Building A Community Practice of Living with Fire

Published 2021-03-15

By: Fire Ambassador, Sasha Berleman, Director of ACR’s Fire Forward Program

Fire Ambassador, Sasha Berleman
Photographer: Sashwa Burrous

When it comes to living in California, there is no “no fire” option. Fire is a fundamental part of existence here. And though we cannot avoid fire as a force on the landscape, learning to live with fire is so much to be gained. Here, our ecosystems have been shaped as much by peoples’ use of fire as they have by our Mediterranean climate’s environmental pressures.

Pre-European colonization, the many and diverse Indigenous peoples of California used fire at epic pace and scale to steward the land, managing ecosystems as gardens for resilience, resource value, and diversity. The frequency at which people burned to steward and protect nature’s valuable resources created vegetation types and assemblages dependent upon, and unique to, this model of stewardship. As a result, many of our most precious ecosystems, including, but not limited to, oak woodlands and coastal prairie, require frequent fire to thrive.

Underlying all of this active management and fire-wielding stewardship is the benefit and burden of California’s famously Mediterranean climate. Our cool, wet winters and hot, dry summers support extraordinary biodiversity, but this climate also perfectly lines up our hot and dry times of the year for reliably noteworthy annual fire seasons. The summer fire risk is further dramatized by climate change impacts, resulting in longer fire seasons and more extreme weather events. When compounded by the tragic accumulations of available fuel that have resulted from a century of fire suppression, it is a recipe for disaster.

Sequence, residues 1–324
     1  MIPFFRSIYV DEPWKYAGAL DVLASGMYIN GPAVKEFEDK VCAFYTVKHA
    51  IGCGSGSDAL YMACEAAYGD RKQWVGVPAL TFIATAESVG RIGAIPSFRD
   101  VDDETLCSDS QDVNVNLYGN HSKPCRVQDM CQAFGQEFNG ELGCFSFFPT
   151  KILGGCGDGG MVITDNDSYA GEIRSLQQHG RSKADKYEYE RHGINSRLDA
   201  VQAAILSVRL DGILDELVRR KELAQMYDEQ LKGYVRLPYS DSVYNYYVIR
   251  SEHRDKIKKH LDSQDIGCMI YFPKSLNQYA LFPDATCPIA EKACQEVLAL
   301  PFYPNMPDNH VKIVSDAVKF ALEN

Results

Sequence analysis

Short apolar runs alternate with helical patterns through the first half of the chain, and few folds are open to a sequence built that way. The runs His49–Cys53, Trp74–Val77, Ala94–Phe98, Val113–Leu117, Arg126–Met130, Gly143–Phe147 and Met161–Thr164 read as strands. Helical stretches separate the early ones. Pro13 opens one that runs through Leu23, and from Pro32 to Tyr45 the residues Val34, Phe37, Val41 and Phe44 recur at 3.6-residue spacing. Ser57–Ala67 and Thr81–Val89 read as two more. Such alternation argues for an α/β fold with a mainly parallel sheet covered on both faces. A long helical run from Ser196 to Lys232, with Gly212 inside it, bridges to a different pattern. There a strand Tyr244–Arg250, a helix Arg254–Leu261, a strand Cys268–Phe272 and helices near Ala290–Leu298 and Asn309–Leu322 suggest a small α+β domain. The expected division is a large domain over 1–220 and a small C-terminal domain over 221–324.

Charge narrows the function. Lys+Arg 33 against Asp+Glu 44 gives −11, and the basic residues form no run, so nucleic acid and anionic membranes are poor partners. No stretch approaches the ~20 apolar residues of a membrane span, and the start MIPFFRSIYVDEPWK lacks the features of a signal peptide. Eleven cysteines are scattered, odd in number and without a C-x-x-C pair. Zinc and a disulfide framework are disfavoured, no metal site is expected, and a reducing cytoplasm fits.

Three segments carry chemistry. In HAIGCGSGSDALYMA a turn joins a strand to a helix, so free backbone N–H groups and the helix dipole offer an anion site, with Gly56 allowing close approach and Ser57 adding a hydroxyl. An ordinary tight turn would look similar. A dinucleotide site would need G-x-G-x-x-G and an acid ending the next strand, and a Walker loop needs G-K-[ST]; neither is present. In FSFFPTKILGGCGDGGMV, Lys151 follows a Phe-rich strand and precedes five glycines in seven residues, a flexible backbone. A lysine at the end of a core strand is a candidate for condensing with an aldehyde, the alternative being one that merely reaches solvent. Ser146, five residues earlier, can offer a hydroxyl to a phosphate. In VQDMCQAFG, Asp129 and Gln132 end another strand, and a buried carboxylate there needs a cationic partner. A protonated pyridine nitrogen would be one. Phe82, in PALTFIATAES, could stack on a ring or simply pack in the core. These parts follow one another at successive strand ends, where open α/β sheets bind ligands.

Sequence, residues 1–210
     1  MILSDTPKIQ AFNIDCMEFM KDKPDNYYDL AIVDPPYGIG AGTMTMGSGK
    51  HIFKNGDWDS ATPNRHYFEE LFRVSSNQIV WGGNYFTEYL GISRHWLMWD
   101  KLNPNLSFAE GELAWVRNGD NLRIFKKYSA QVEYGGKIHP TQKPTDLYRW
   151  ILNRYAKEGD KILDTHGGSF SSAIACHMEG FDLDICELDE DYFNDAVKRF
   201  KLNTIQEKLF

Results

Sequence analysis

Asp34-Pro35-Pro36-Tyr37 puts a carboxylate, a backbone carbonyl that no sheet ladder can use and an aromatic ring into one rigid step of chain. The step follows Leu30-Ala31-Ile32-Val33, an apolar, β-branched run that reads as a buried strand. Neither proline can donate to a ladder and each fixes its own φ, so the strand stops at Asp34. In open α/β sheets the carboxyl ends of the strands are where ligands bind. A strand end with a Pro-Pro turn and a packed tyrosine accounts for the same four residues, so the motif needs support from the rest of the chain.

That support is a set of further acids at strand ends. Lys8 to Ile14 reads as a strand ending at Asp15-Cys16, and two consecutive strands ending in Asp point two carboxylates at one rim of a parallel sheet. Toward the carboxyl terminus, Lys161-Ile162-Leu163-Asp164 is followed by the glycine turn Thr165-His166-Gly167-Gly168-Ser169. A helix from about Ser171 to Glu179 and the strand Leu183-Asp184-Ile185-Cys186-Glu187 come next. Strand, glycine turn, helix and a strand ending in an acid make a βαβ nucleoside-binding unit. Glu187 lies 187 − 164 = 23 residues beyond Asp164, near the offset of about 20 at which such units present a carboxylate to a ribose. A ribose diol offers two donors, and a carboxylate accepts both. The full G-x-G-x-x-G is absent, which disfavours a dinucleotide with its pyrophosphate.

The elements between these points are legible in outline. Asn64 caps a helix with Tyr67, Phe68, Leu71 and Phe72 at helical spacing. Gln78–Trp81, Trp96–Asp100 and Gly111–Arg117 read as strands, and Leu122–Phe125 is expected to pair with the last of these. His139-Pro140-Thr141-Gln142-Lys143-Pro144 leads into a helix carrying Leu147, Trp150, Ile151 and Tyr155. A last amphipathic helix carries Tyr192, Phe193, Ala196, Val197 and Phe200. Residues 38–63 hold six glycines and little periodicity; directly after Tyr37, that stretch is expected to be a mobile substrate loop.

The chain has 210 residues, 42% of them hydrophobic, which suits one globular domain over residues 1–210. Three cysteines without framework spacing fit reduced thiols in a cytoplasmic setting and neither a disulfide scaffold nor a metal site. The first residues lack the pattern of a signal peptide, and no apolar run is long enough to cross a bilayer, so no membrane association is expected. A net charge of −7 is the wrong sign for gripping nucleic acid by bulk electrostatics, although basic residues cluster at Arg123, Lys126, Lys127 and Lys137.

In regions of California dominated by privately owned land, and perhaps especially in the greater San Francisco Bay Area, recent decades have seen a dearth of applied expertise and knowledgeable, available workforce for on-the-ground fire management and stewardship. A widespread shift from trades to technology combined with a “wilderness” mindset that nature is to be seen but not touched has left our wildlands — our beloved historically tended gardens — fallow. In the Bay Area, our widespread and precious wildlands are not only privately held but are, in areas, divided into relatively small, parcellated ownerships. While a deep-seated love of the outdoors has been cultivated for years, it is only recently that folks are beginning to re-awaken awareness of our critical responsibility to these cherished ecosystems and how we must learn to actively steward and tend them again. And because these lands are held by so many, it will take everyone coming together around this shared need and understanding if we are going to find our way to a better future with fire.

Photographer Sashwa Burrous

In a time when people have arguably never been so separated – by politics, pandemic, technology, industrialization – from each other and from the natural world alike, learning to live with fire is creating a connection. Communities everywhere are coming together around a common cause, a spark of hope, a will to make a difference, and a desire to be close, both to each other and to the ecosystems around us. These communities are sparking up all over California. I have had the profound honor and privilege of witnessing and being a part of the community growing here in California’s North Bay Area.